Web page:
A couple was taken ill close to Salisbury, where former Russian double agent Sergei Skripal and his daughter Yulia were found earlier.
Salisbury (England): British police scrambled on Thursday to determine how a couple were exposed to the same nerve agent used on a former Russian spy earlier this year, leaving them critically ill.
The couple were taken ill on Saturday in the village of Amesbury, close to the city of Salisbury, where former double agent Sergei Skripal and his daughter Yulia were found slumped on a bench on March 4 in an incident that sparked a diplomatic crisis with Russia.
"The possibility that these two investigations might be linked is clearly a line of enquiry for us," said Neil Basu, head of Britain's counter-terrorism police force.
Police announced late Wednesday that tests on the couple, named locally as 44-year-old woman Dawn Sturgess and 45-year-old man Charlie Rowley, revealed they had been exposed to Novichok, but could not say whether it was the same batch used on the Skripals.
Novichok is a military-grade nerve agent developed by the Soviet Union during the Cold War.
The exposure of an apparently random British couple to the nerve agent is spreading fear through the normally quiet city in southwest England once again.
Interior minister Sajid Javid is to chair an emergency cabinet meeting on Thursday, as counter-terrorism police lead the investigation into the incident.
Basu also insisted that there "remains a low risk to the general public," saying "we're satisfied that if anyone was exposed to that level of nerve agent by now they would be showing symptoms."
However, many questions remain over the source of the contamination and why tests were not conducted on the couple until Monday, two days after they were taken ill.
"The priority for the investigation team now is to establish how these two people have come into contact with this nerve agent," Basu said.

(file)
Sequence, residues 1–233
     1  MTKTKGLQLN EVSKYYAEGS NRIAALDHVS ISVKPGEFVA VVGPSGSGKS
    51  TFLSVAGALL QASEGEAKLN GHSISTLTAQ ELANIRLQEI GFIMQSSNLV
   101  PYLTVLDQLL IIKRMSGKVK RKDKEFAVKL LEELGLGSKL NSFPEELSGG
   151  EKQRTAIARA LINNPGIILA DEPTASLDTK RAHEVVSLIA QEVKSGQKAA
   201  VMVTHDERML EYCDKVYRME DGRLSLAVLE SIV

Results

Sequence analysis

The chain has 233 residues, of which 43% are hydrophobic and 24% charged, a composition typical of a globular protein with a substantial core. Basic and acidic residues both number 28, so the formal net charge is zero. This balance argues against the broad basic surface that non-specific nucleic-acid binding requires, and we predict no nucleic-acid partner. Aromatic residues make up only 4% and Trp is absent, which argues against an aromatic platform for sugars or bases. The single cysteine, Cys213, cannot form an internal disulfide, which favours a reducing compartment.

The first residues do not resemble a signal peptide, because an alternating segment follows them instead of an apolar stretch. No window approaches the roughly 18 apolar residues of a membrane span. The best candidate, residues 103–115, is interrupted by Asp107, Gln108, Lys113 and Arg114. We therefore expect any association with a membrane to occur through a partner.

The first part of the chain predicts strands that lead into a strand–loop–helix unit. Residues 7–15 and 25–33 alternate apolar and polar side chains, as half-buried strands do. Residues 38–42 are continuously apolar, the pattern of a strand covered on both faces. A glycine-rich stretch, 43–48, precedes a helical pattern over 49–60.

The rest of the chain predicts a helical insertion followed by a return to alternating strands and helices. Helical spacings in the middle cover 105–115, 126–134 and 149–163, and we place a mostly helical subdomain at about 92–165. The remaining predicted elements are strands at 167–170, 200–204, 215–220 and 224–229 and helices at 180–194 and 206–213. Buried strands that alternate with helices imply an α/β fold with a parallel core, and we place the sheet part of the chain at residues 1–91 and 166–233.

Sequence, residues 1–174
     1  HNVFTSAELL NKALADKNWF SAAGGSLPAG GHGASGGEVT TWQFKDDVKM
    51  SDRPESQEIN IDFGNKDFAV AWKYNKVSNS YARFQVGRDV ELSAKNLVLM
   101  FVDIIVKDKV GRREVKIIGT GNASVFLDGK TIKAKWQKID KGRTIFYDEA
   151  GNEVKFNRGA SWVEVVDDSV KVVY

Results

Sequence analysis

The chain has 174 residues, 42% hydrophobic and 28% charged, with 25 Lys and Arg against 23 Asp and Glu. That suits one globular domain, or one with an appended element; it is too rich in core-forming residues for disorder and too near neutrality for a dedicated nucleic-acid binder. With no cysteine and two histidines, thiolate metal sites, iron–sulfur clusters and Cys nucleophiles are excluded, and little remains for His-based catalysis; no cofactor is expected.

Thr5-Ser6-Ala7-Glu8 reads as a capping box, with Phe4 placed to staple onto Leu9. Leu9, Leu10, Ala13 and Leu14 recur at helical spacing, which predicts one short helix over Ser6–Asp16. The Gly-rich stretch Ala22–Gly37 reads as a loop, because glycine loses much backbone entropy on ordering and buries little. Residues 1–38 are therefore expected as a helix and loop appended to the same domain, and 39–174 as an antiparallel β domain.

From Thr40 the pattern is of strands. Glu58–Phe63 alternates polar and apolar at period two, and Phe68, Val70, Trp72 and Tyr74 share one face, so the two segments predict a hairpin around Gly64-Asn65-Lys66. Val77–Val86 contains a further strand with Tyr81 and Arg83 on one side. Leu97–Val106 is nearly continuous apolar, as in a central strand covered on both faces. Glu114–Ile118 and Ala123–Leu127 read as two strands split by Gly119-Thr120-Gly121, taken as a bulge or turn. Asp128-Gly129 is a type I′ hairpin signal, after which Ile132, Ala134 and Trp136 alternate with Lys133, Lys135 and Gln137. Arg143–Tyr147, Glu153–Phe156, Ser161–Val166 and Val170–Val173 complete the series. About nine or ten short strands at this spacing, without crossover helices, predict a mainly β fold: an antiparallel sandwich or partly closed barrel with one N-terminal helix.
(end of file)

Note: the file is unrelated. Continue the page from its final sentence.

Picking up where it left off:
"We have no idea what may have contained the nerve agent at this time," he said, urging members of the public not to touch anything if they did not know what it was.
Basu said there was no evidence to suggest that the couple "were targeted in any way".
Local man Sam Hobson, 29, told AFP he was a friend of the pair and had spent time with them as they fell ill.
"I came around Charlie's house in the morning and there were loads of ambulances outside, and his girlfriend was getting taken away," he said.
"She was complaining of a headache in the morning and she went into the bathroom to have a bath and he heard a thump and she was in there having a fit, foam coming out of her mouth."
She was hospitalised at around 9:15 am (GMT), and Hobson then joined Rowley as he went into the village to visit a pharmacy and get food from a church, when Rowley complained of feeling unwell.
"He was sweating loads, dribbling, and you couldn't speak to him," Hobson said.
"He was making funny noises and he was rocking backwards and forwards and there was no response from him, he didn't even know I was there. It's like he was in another world, hallucinating."
Hobson said he called the ambulance at around 2:30 pm (GMT). Hobson also said that the couple had visited Salisbury on Friday, speculating that "they must have touched something that was contaminated."
Basu said there was no evidence the man and the woman had "recently visited any of the sites that were decontaminated" after the poisoning of the Skripals.
Police had initially assumed that the two had consumed contaminated drugs. But samples from both patients were sent to Porton Down defence laboratory on Monday "due to concern over the symptoms," Basu said.
Both are still in a critical condition and are at Salisbury District Hospital -- the same facility where the Skripals were treated.
Police launched two helplines for those worried about possible contamination.
Police called for calm but also said that anyone who had visited any of the five sites that the man and the woman went to on Friday and Saturday should wash clothing worn at the time and wipe down personal items.
The sites, which have now been cordoned off, are a park and a homeless hostel in Salisbury, as well as a pharmacy, church and the house in Amesbury.
Chemistry professor Andrea Sella said that nerve agents like Novichok were "designed to be quite persistent", suggesting it was possible the couple had come into contact with the original batch.
Local resident Natalie Smyth, 27, told AFP she saw fire engines and ambulances arrive at the house on Saturday.
"It is so strange, it is such a quiet place," she said, adding that the emergency services personnel were wearing protective suits.
Skripal, 67, and his 33-year-old daughter Yulia, who was visiting from Moscow, were treated for an extended period of time before being released from hospital.
The police said they suspected the nerve agent may have been smeared on a front door handle in liquid form.
Moscow has rejected British accusations of involvement in the Skripal poisoning, which sparked a diplomatic crisis that saw Russia and the West expelling dozens of diplomats in tit-for-tat moves.